The last two are particularly troubling, and for pretty much the same reason. An unfamiliarity with the mechanics of comics results in an experience not that dissimilar from trying to follow a conversation that lapses into multiple languages. Even if you’re familiar with the multiple tongues, unless you’re completely fluent in all of them there’s still a mental ‘grinding of gears’ as your mind shifts from one language to the next. The same thing happens in transmedia stories – and when it happens in the course of an encapsulated experience such as these old CD-ROMs or, possibly, Inman’s vooks, an audience member is jarred out of the state of narrative flow. It’s a disruption that frequently reminds the audience that what they’re experiencing isn’t real, but is in effect a mediated experience. People don’t like this kind of disruption when they’re trying to lose themselves in a fictional world; this is one reason why we don’t have concession vendors walking up and down the aisles of movie theaters the way we do at baseball games.
Such disruption is lessened when it comes between distinct chapters, such as at the transition point between the seventh and eighth seasons of Buffy, because the audience member’s mind is already out of the narrative world and is simply preparing to re-enter it, but it’s still there. When an audience member is used to engaging with the narrative world in one media form, switching to another (as from television to comics) frequently makes the brain whine. “I’m used to experiencing this in this one form,” the mind whines. “Why do I have to do work to experience it in another?” This is an important part to note – like all translation, until complete fluency is achieved, such a switch is, in fact, work. People will do it when the perceived payoff is sufficient – and, in fact, they may eagerly anticipate such switches, such as when a television series like Firefly makes the jump to the big screen in a film like Serenity. Such anticipation usually occurs when the audience member is both fluent in the new media form and in the new media form’s unique advantages. A fan of Buffy the Vampire Slayer who loves the visuals may be thrilled by a move to comics or film, but a fan who’s more interested in the internal workings of the characters and their relationships might be more interested if the series were to continue as novels.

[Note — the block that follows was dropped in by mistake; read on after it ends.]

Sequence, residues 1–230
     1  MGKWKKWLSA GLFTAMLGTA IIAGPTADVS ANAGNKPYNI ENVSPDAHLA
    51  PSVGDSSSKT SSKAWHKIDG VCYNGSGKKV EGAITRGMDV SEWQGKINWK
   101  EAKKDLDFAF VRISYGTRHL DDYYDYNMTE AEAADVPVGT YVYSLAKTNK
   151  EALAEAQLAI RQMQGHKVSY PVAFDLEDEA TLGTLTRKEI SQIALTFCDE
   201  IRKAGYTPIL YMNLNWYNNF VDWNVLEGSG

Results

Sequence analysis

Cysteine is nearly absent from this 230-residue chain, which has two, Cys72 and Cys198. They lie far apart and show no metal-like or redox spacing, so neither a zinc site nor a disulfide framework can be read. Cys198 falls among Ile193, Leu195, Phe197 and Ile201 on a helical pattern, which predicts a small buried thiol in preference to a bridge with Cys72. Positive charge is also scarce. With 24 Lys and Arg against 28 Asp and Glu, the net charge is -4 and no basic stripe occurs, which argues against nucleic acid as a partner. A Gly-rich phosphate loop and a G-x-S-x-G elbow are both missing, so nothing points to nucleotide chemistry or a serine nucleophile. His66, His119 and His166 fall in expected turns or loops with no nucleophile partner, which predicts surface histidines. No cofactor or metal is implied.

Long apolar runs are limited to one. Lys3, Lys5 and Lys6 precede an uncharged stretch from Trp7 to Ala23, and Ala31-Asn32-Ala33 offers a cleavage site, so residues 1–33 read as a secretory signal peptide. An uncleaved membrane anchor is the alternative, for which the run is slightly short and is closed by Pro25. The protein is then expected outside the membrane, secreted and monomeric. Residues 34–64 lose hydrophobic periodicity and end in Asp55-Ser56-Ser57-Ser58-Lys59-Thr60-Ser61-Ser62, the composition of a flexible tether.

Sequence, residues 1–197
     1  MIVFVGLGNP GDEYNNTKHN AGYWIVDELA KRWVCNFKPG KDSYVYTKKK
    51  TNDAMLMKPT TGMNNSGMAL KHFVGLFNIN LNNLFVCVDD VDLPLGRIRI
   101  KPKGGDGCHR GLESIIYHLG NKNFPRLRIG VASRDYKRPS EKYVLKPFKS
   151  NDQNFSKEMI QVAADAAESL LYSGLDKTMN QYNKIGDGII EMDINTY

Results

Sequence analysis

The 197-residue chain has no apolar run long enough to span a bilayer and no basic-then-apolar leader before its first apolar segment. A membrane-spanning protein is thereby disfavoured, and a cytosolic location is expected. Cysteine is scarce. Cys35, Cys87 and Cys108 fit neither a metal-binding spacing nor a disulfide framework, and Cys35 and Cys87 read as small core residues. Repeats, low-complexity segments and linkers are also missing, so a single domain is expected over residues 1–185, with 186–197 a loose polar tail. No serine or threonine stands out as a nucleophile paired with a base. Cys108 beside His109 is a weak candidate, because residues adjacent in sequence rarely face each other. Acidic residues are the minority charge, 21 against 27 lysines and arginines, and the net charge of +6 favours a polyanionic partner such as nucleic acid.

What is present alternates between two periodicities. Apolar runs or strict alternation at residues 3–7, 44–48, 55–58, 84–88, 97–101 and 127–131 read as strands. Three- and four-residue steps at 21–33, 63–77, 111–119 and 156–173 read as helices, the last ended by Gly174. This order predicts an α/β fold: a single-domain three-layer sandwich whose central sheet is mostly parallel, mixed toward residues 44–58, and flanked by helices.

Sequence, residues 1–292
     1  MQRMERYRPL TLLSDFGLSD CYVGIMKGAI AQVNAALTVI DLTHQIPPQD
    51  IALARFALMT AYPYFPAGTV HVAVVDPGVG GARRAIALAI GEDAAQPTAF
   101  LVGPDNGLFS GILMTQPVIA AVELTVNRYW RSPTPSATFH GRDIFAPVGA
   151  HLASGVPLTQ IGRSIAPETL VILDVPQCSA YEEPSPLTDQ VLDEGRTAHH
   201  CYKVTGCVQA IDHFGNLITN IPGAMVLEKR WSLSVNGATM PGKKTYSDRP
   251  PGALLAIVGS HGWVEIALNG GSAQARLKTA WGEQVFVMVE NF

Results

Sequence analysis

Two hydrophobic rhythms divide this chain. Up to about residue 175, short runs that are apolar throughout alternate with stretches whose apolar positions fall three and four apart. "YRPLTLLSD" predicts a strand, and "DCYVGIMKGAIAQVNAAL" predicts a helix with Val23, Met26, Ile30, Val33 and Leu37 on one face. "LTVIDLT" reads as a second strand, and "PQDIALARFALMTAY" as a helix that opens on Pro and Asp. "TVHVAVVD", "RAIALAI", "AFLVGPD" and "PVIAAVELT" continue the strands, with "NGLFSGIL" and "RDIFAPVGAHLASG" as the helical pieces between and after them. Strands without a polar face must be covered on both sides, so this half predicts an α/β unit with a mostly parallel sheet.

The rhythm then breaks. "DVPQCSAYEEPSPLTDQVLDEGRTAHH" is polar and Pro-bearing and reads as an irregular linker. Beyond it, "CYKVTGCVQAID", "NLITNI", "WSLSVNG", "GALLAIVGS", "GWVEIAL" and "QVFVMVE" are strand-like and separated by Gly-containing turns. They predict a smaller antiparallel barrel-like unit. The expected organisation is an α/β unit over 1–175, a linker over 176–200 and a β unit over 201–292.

Long story short, the key to such transmedia storytelling might be in maintaining a careful balance between consistently delivering good, quality content in distinct forms (always a good idea) and guiding the audience from one media form to the next without forcing it down their throats. Skillful transmedia storytelling, like any sufficiently advanced technology, might be indistinguishable from magic – until all the reasons I listed above are swept away by either fluency or some kind of a cultural shift, there is likely to be a subtle sleight of hand required to overcome such transmedia resistance. Delivering each component in a way that feels incomplete and then making the transmedia switch mandatory – such as reading one chapter of a vook as text and then having the next appear as a video clip – might run headlong into a concrete wall of transmedia resistance, with all the unpleasant results therein.